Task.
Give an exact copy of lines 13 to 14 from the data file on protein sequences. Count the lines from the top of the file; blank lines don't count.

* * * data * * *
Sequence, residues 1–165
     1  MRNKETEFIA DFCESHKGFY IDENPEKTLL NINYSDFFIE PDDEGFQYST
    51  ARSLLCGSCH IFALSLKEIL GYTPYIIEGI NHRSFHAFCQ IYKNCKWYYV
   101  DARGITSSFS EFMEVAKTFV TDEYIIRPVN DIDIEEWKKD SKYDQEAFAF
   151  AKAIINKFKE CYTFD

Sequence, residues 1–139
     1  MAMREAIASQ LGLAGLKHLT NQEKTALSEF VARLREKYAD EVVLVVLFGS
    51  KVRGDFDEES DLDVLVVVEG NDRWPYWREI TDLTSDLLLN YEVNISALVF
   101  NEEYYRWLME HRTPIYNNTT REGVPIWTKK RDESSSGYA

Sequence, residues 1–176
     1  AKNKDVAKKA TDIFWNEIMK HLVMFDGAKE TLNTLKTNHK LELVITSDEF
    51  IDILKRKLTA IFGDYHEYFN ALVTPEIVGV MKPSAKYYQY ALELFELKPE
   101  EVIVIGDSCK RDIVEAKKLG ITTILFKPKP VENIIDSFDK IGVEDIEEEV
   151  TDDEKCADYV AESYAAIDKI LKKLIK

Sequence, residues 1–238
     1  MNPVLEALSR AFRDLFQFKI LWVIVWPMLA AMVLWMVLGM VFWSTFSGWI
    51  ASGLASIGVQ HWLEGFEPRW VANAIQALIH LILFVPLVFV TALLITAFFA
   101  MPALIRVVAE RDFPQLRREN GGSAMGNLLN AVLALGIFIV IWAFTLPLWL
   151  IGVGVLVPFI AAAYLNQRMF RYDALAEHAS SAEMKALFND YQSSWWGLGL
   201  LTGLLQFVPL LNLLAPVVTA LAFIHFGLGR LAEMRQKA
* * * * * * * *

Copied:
   101  EVIVIGDSCK RDIVEAKKLG ITTILFKPKP VENIIDSFDK IGVEDIEEEV
   151  TDDEKCADYV AESYAAIDKI LKKLIK